Reentrant and nonreentrant mechanisms contribute to arrhythmogenesis during early myocardial ischemia: Results using three-dimensional mapping

Academic Article

Abstract

  • The present study assessed the mechanisms responsible for the initiation and maintenance of premature ventricular complexes (PVCs) and ventricular tachycardia (VT) during early ischemia using a unique computerized mapping system capable of recording simultaneously from 232 individual intramural sites. In the chloralose-anesthetized cat, during normal sinus rhythm prior to ischemia, ventricular activation was rapid with a total activation time of 25 ± 2 msec. Five minutes after occlusion of the left anterior descending (LAD) coronary artery, activation was delayed during sinus rhythm (64 ± 6msec) (p < 0.001 vs. control) and was characterized by slow conduction in the same plane and block in both the same plane and in the endocardial-to-epicardial direction. In 76% of cases (16 of 21), initiation of single PVCs and the first beat of VT through intramural reentry. In all but one case, initiation occurred in the subendocardium, adjacent to the site of delayed subendocardial and midmyocardial activation of the preceding sinus beat. The activation time of the sinus beat preceding the PVC or VT was significantly prolonged (149 ± 7 msec, p < 0.001 vs. sinus beats during ischemia not followed by a PVC or VT) with most of the delayed activity occurring in the subendocardium and midmyocardium, a finding that would not have been apparent by epicardial mapping alone. The length of the reentrant pathway ranged from 1.8-3.0 cm. Marked delay was a necessary, but not a sufficient, condition for reentry to occur since, in some cases, delays as large as 220 msec were found without initiation of reentry or the occurrence of nonreentrant PVCs or VT. Maintenance of VT by intramural reentry arose in either the subendocardium or the subepicardium and was primarily dependent on the continued presence of marked transmural delay (159 ± 8 msec). In contrast, in 24% of cases (5 of 21), initiation of the first beat of VT arose in either the subendocardium or subepicardium by a mechanism other than reentry as evidenced by the lack of intervening electrical activity between the end of the preceding sinus beat and the initiation of the ectopic beat. The preceding sinus beat was characterized by delay (129 ± 12 msec) comparable to that of sinus beats preceding reentrant ectopic beats (p = NS), but the marked delay was distant from the site of nonreentrant initiation. Ventricular tachycardia could be initiated by one mechanism (reentrant or nonreentrant) and maintained or terminated by another mechanism. Both mechanisms could also occur during the initiation of the same beat and during the same tachycardia. Thus, the initiation and maintenance of VT during early ischemia is due to both intramural reentry and nonreentrant mechanisms. Therapeutic interventions designed to inhibit the malignant arrhythmias associated with early ischemia and, hence, sudden death in man will likely require demonstration of efficacy against not only the reentrant but also nonreentrant mechanisms.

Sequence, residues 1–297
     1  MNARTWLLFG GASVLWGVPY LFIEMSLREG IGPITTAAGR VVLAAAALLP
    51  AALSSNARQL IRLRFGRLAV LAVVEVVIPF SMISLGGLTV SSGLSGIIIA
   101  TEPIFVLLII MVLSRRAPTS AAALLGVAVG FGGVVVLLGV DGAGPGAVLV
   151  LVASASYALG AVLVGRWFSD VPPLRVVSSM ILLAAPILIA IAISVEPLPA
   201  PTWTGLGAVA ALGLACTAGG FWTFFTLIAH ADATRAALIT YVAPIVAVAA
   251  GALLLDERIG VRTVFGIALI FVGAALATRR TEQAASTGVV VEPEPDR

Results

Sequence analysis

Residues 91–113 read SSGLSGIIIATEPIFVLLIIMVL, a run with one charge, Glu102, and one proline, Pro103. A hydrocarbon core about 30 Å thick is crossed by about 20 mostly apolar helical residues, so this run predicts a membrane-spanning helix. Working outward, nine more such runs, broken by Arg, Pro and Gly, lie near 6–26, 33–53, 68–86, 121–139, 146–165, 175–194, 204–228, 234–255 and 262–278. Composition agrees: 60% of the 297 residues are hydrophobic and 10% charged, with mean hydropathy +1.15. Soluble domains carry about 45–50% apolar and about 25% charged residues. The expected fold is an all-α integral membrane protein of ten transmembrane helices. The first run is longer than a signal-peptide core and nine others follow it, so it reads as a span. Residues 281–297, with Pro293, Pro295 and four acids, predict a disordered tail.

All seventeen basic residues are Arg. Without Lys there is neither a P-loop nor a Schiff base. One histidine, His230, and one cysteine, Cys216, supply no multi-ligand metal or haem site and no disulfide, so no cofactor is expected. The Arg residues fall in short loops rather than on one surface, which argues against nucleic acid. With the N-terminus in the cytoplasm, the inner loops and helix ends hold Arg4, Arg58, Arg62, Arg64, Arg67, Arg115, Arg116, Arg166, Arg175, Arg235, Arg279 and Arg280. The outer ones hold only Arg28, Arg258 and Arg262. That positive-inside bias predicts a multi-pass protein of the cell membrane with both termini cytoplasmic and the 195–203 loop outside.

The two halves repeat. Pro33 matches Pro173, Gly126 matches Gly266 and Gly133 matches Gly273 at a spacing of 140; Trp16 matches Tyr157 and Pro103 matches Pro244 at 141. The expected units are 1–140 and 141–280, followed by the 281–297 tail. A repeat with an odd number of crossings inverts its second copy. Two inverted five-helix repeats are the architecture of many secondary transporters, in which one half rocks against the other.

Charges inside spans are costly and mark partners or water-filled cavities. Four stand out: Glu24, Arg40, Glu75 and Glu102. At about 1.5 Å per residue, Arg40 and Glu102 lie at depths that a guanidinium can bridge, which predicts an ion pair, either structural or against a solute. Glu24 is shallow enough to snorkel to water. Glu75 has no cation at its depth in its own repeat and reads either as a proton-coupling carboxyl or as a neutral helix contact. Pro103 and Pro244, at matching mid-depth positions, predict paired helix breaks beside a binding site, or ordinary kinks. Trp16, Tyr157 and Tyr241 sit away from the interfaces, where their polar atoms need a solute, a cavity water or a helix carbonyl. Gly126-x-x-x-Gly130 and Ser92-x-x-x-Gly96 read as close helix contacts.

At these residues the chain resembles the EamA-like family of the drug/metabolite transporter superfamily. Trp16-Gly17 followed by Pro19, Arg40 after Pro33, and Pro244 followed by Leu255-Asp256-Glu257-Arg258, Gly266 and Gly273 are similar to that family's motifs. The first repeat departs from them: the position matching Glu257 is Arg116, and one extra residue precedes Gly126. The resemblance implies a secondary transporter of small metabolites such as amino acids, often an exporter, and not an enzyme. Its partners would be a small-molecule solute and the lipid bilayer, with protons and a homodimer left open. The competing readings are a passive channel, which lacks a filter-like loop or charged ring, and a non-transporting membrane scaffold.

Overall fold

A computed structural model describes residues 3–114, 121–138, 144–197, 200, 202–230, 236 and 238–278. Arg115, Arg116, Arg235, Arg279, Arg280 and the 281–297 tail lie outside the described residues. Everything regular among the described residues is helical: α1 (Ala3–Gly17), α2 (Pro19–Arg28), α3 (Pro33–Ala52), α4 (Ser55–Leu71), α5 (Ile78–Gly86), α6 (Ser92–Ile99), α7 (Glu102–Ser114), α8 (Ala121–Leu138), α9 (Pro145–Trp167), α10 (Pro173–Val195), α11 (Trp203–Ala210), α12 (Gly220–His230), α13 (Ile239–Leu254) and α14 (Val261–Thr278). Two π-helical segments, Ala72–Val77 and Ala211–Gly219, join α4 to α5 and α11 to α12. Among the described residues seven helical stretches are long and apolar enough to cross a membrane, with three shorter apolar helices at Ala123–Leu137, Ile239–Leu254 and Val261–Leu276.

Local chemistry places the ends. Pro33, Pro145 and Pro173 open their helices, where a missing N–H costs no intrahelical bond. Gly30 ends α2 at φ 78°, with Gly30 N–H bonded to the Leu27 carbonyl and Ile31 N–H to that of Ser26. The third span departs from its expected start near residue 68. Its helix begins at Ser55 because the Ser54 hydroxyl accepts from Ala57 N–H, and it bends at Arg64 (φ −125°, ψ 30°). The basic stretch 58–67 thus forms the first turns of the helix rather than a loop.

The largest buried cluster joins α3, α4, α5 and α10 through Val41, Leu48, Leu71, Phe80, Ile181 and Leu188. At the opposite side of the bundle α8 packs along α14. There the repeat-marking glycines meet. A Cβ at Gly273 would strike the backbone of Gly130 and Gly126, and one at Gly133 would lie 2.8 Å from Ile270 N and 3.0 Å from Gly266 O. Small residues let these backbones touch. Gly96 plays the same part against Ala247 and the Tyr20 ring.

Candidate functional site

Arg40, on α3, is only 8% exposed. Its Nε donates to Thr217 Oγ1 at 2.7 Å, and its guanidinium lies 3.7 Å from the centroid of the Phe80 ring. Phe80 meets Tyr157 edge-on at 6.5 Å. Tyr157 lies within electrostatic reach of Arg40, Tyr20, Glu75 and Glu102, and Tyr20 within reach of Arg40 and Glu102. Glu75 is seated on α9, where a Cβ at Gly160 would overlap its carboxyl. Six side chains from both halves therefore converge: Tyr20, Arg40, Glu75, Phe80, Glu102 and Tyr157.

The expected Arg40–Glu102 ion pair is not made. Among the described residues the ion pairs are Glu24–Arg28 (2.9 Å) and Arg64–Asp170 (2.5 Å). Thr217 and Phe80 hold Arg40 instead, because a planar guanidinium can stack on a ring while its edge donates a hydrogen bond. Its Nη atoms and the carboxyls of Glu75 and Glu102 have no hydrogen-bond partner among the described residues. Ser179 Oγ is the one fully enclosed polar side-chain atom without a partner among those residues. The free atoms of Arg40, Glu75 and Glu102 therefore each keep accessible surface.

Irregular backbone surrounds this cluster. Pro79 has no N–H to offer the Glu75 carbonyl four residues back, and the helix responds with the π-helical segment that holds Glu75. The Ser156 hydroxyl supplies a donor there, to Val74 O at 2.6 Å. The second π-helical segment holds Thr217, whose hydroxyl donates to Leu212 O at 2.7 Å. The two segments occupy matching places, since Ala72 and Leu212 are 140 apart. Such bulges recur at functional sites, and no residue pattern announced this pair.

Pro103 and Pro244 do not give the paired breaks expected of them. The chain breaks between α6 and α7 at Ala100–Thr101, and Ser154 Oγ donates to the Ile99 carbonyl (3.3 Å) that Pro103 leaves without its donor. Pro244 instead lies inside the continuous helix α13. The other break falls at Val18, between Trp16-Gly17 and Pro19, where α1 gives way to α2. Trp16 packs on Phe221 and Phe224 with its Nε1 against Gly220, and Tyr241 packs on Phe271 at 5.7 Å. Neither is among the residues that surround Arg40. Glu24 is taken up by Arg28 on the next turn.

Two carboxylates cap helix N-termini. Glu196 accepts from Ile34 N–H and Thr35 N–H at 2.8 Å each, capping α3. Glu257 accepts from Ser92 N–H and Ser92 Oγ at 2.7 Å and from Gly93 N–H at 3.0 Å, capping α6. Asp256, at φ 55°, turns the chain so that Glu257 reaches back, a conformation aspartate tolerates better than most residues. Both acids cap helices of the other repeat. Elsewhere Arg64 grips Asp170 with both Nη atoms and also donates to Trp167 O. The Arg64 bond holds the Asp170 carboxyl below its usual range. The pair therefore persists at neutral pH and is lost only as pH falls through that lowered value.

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    Author List

  • Pogwizd SM; Corr PB
  • Start Page

  • 352
  • End Page

  • 371
  • Volume

  • 61
  • Issue

  • 3